I have burned Lunix 10, and now am merely awaiting a day when I feel like screwing everything up to install it. FYI. I also have only one more batch of computers to take to Office Depot for recycling. Also FYI.

I'm about to go down the street to do phone banking for Kerry. I haven't done that in years. Should be fun.

< Things are looking bad. | BBC White season: 'Rivers of Blood' >
My Internet Access is Back | 21 comments (21 topical, 0 hidden)
Accounting program by DesiredUsername (3.00 / 0) #1 Wed Sep 01, 2004 at 09:57:08 AM EST
An actual piece of software? You *are* a dork. Specifically, a dork in trouble if you are to be the one collecting rent from your gf's best friend.

Linda Wortheimer had a thing the safternoon about how the Christian Right (according to the "founder") will be feeling marginalized because of the moderateness of the convention and might decide to vote Democrat because none of the (bigoted) issues they care about are being talked about by either side anyway.

Phone ban....oh, not bank-by-phone. Telemarketing.

---
Now accepting suggestions for a new sigline

which is odd. by dev trash (3.00 / 0) #8 Wed Sep 01, 2004 at 03:02:50 PM EST
I think the GOP as it stands now is way too, Christian-right oriented.  But I'd not vote for Kerry to protest it.

--
I DON'T CARE ABOUT YOUR BALLS! ->clock
[ Parent ]
It didn't seem likely to me by DesiredUsername (3.00 / 0) #12 Thu Sep 02, 2004 at 12:17:28 AM EST
But SomeGuy was saying that many (most?) of the Xians who vote Republican only do so because of abortion (and now gay marriage) but otherwise they are social liberals or apathetic. If the convention doesn't target them, was his argument, many will vote Kerry or not at all.

I think I just restated my earlier post, but I'm too lazy to check.

---
Now accepting suggestions for a new sigline

[ Parent ]
Good diary by cam (3.00 / 0) #2 Wed Sep 01, 2004 at 10:28:24 AM EST
Enjoyed reading it. It wasnt clear, you were in New York for the protests?

cam
Freedom, liberty, equity and an Australian Republic

No, Miami by DesiredUsername (3.00 / 0) #3 Wed Sep 01, 2004 at 10:48:56 AM EST
He's against hurricanes.

---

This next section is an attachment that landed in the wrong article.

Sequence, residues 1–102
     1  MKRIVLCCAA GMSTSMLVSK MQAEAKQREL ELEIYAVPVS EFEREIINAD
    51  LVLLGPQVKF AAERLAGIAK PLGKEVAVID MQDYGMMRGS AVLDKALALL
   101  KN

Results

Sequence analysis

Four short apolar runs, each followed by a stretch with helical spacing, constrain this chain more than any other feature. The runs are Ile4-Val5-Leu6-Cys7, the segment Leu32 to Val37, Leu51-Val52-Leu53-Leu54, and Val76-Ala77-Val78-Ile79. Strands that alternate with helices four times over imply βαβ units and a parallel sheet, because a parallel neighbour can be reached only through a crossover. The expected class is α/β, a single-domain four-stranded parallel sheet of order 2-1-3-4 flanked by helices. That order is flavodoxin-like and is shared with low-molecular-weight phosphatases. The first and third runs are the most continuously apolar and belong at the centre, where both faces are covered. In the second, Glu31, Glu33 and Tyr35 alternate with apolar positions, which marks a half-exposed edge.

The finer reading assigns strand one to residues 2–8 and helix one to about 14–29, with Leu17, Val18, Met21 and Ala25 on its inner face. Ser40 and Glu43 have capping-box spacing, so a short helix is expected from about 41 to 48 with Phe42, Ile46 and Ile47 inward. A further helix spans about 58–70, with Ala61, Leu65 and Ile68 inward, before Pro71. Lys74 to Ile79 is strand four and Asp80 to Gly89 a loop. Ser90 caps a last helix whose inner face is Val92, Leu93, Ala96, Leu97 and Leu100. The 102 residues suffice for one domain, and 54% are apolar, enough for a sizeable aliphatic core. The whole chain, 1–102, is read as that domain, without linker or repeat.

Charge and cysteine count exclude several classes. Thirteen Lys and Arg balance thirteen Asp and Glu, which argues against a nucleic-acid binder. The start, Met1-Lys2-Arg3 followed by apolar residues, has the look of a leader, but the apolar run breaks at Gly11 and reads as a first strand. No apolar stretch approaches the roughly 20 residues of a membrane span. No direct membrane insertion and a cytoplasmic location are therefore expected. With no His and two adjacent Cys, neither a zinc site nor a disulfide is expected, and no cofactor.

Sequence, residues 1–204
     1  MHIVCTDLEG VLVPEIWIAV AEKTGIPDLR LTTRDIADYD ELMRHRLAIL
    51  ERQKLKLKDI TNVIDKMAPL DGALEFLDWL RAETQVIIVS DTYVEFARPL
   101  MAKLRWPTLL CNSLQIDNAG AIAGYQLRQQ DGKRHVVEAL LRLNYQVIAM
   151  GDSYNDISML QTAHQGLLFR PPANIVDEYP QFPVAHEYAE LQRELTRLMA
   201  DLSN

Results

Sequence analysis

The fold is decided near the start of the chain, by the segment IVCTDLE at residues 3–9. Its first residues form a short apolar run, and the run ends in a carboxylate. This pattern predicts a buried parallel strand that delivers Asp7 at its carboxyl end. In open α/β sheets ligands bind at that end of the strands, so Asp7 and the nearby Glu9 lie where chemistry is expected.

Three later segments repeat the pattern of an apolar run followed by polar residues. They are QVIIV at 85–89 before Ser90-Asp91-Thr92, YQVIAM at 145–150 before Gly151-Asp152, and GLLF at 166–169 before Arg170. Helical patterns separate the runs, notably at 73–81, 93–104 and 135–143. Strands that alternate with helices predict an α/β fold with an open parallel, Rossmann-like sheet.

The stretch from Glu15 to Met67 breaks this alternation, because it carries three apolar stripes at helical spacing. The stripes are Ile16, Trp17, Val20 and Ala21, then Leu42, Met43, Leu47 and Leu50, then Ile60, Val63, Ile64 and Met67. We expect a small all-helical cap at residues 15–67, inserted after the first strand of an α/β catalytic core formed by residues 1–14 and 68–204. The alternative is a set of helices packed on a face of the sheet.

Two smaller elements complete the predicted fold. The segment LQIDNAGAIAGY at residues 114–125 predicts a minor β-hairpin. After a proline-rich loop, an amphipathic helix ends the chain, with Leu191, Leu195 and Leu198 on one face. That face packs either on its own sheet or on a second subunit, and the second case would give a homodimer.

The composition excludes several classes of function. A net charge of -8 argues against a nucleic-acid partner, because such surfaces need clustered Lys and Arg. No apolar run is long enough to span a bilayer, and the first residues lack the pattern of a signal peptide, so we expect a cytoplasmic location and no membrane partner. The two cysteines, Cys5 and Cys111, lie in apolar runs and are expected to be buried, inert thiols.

Now accepting suggestions for a new sigline
[ Parent ]
He was protesting in the wrong place then by cam (3.00 / 0) #5 Wed Sep 01, 2004 at 10:58:03 AM EST
Richmond, VA got washed away while he was busy in Miami.

cam
Freedom, liberty, equity and an Australian Republic

[ Parent ]
Wow is he ever uninformed by DesiredUsername (3.00 / 0) #7 Wed Sep 01, 2004 at 11:40:11 AM EST


---
Now accepting suggestions for a new sigline
[ Parent ]
thank you, Laurel and Hardy (nt) by tps12 (6.00 / 1) #13 Thu Sep 02, 2004 at 12:41:45 AM EST


[ Parent ]
A stronger immigration policy would end the furrin by georgeha (6.00 / 1) #6 Wed Sep 01, 2004 at 10:59:17 AM EST
Caribbean hurricane menace.


[ Parent ]
just for the weekend by tps12 (6.00 / 1) #17 Thu Sep 02, 2004 at 12:57:47 AM EST
I went to the Planned Parenthood march across the Brooklyn Bridge, which was just nice and fun...great day for a stroll across the bridge, plus cars were honking and everything. And then the anti-war demonstration Sunday, which was exhausting. I haven't yet talked to my brother (who is out of work after his employer moved to LA), but he was planning to go to a bunch more protests this week.

[ Parent ]
christopher hitchens... by rmg (3.00 / 0) #4 Wed Sep 01, 2004 at 10:54:24 AM EST
i know he's been branded a right winger and "mediawhore" by the "blogging community," but what, beyond the testimony of some rabble with keyboards, has convinced you he is no longer a liberal?




[t]rolling retards conversation, period.
cuz he's old and bitter by MillMan (6.00 / 1) #10 Wed Sep 01, 2004 at 05:19:14 PM EST